I have no formal CS education, nor I know low-level languages, so I naively ask: can you explain thoroughly what makes impossible/impractical for a high level language like Python or C# to be used for a kernel OS? It's sincere curiosity, not trolling or what. Thanks.
        • First, you need pointers. A pointer is basically a value which holds the address of something. While in a scripting language you can pass variables to functions/subroutines it isn't always by reference (e.g. a pointer). Pointers are also used when dealing with hardware which is mapped into the memory space. You need to be able to say "dump this data, exactly here in memory." Something you can't do with most scripting languages. It's also required to build things like page tables (process memory maps).
  • by badger.foo (447981) <peter@bsdly.net> on Thursday March 15, 2007 @06:53AM (#18359883) Homepage
    "OpenBSD systems using default installations are vulnerable because the default pre-compiled kernel binary (GENERIC) has IPv6 enabled and OpenBSD's firewall does not filter inbound IPv6 packets in its default configuration."

    - the default configuration on a fresh install actually has pf disabled (no two networks are exactly alike, and if you enable pf but do not supply your own rule set, a default rule set which passes dns, ssh and some icmp is enabled). Then again, any sane config with pf enabled will have "block all" as the default action and only pass inet6 if you are actually using inet6. This means that the vast majority of OpenBSD machines out there will have the equivalent of the advisory's block rule in their rule sets already.

    "However, in order to exploit a vulnerable system an attacker needs to be able to inject fragmented IPv6 packets on the target system's local network. This requires direct physical/logical access to the target's local network -in which case the attacking system does not need to have a working IPv6 stack- or the ability to route or tunnel IPv6 packets to the target from a remote network."

    This narrows the scope quite a bit.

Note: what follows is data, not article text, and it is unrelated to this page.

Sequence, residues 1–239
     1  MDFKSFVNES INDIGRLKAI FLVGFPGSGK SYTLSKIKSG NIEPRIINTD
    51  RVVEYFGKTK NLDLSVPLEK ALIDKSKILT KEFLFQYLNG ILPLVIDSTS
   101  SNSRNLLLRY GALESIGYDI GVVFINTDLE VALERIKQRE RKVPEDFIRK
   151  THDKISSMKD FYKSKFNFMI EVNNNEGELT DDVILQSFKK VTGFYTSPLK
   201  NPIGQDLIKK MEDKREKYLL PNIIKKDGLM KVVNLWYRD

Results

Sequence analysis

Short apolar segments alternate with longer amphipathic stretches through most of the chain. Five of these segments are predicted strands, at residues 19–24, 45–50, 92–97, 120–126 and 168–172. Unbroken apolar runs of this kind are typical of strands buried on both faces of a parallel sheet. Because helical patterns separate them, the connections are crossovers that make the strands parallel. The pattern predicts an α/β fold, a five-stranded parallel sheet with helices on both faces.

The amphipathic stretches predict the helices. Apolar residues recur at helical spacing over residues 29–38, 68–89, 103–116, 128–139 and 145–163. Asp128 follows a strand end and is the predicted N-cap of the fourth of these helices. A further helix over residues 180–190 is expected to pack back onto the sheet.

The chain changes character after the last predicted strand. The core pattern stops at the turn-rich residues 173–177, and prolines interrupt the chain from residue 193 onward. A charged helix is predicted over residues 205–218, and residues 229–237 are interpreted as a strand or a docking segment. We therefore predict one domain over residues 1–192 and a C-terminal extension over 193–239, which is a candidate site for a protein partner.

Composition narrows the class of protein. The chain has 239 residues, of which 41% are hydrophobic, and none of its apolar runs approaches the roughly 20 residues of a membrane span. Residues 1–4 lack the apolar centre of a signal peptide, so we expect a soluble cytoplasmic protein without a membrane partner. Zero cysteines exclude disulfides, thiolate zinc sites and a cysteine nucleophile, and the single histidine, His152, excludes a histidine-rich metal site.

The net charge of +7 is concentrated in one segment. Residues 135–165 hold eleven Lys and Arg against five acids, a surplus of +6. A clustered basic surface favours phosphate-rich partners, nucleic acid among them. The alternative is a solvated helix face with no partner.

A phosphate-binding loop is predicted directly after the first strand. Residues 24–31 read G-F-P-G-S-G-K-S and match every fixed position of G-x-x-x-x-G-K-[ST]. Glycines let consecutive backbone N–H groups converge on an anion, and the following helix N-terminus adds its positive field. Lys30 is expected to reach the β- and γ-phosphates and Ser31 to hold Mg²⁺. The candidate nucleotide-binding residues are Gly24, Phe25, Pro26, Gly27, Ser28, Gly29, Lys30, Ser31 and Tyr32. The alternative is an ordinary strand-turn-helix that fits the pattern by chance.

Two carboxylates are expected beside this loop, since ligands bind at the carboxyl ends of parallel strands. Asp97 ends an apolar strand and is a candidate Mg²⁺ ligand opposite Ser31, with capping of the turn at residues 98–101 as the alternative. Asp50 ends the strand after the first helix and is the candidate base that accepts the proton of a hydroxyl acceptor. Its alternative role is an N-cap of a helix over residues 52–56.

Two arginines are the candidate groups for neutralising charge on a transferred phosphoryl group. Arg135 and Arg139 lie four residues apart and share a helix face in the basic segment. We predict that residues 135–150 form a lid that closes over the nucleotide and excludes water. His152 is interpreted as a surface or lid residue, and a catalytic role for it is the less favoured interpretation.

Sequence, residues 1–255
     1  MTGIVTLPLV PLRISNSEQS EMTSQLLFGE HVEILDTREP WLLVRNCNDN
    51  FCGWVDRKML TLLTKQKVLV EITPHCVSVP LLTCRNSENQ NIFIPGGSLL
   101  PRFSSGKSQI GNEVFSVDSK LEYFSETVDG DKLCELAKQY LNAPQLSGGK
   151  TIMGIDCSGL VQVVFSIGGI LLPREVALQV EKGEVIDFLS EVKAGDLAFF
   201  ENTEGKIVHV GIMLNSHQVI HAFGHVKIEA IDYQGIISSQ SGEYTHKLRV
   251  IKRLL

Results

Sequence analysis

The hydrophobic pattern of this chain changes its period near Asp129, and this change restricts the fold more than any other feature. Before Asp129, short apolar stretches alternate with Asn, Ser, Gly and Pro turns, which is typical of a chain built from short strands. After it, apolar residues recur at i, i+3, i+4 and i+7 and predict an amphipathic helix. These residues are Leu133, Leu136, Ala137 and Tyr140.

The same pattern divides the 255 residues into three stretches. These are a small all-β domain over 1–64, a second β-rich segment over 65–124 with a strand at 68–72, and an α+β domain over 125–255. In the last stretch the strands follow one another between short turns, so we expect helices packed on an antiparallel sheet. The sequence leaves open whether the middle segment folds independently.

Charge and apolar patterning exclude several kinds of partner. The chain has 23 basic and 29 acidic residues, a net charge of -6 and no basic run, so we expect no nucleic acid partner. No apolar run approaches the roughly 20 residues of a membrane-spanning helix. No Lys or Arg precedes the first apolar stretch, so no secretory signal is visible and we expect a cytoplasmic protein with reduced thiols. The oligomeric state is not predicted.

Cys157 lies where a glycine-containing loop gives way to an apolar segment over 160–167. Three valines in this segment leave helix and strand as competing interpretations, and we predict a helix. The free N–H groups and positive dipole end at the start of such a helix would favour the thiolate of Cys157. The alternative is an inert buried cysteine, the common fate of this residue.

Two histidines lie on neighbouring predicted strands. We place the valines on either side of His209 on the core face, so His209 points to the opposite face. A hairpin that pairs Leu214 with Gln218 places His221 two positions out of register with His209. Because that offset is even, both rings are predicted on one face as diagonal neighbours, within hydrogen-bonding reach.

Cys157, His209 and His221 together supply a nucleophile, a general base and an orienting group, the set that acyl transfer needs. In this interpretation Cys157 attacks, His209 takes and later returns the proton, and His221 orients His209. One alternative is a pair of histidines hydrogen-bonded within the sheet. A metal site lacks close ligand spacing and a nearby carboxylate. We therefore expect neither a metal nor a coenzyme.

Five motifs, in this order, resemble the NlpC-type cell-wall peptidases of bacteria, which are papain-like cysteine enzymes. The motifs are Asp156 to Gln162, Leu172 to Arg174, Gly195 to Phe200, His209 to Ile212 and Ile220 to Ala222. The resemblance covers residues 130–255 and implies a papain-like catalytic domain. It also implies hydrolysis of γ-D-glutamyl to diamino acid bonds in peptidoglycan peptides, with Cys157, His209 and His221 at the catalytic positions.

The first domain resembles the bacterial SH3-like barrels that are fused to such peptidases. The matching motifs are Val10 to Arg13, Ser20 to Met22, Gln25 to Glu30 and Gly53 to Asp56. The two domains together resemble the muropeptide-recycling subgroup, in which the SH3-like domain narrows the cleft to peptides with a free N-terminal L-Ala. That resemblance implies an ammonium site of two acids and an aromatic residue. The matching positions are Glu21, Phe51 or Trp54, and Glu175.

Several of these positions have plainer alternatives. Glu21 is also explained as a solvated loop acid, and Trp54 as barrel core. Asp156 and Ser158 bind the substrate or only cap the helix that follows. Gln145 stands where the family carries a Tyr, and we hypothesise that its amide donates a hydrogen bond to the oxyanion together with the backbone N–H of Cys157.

Essentially the sky did not fall this time either, but I can see the OpenBSD developers taking another pass of "reading the code much like the devil reads the bible" over the ipv6 stack and the general neighborhood once again.

    However, OpenBSD users have been instructed to update their systems already.
  • Forced release? (Score:5, Insightful)

    by Just Some Guy (3352) <kirk+slashdot@strauser.com> on Thursday March 15, 2007 @09:47AM (#18361099) Homepage Journal

    FTFA:

    2007-02-21: Core sends draft advisory and proof of concept code that demonstrates remote kernel panic.
    2007-02-26: OpenBSD team develops a fix and commits it to the HEAD branch of source tree.
    [...]
    2007-03-05: OpenBSD team notified of PoC availability.
    2007-03-07: OpenBSD team commits fix to OpenBSD 4.0 and 3.9 source tree branches and releases a "reliability fix" notice on the project's website.
    [...]
    2007-03-13: Core releases this advisory.
    Release Mode: FORCED RELEASE

    Kudos to Core Security for finding an exploit in OpenBSD code. Seriously, that's impressive. However, it sounds like they're a little too pleased with themselves. "Forced release"? I guess that's technically true, in the sense that a feather exerts a gravitational force on the Earth.

    In a nutshell, they reported a problem and OpenBSD fixed it. Then they demonstrated that it was a more serious problem, and OpenBSD backported the fix to the current releases and announced it on their website. After reading the whole timeline, I'm not sure what else they were supposed to have done so that Core wouldn't be "forced" to announce the vulnerability that OpenBSD publicized on their own site as a "security fix" three days earlier.

  • by jnf (846084) on Thursday March 15, 2007 @12:44PM (#18363983)
    I think its interesting that BSD doesn't consider DoS attacks as being a vulnerability anymore, this is especially interesting when you consider that many DoS attacks that are reported end up being remote code execution vulnerabilities that the given researcher couldn't figure out, or the vendor didn't take the time to figure out. This is especially the case with OpenBSD if you look at the CORE timeline, the OpenBSD team attempted to say remote code execution was impossible, as they did when Dowd found the OpenSSH bug, and it took a proof of concept to make them accept they had another bug.

    If you cross reference DoS attacks against OpenBSDs changelog and figure that even a small amount (say 10%) of them were remotely exploitable (which is being kind), then you have a lot of remote bugs in OpenBSD and even more in FreeBSD. The fact that the vendor doesn't call them bugs just brings images of DJB to mind, but it doesn't impact the fact that your box could get owned.

    What this ultimately means is that, OpenBSD is pretty good when it comes to security, but that their party line is mostly marketing hype. I just submitted a paper to a few conferences dealing with a given bug I've found, it also affects OpenBSD (but it's not a default remote root bug for them), but what it does show is how proactively secure they are, because they copy/pasted the same section of code as everyone else and missed a very obvious bug.

"Don't discount flying pigs before you have good air defense." -- jvh@clinet.FI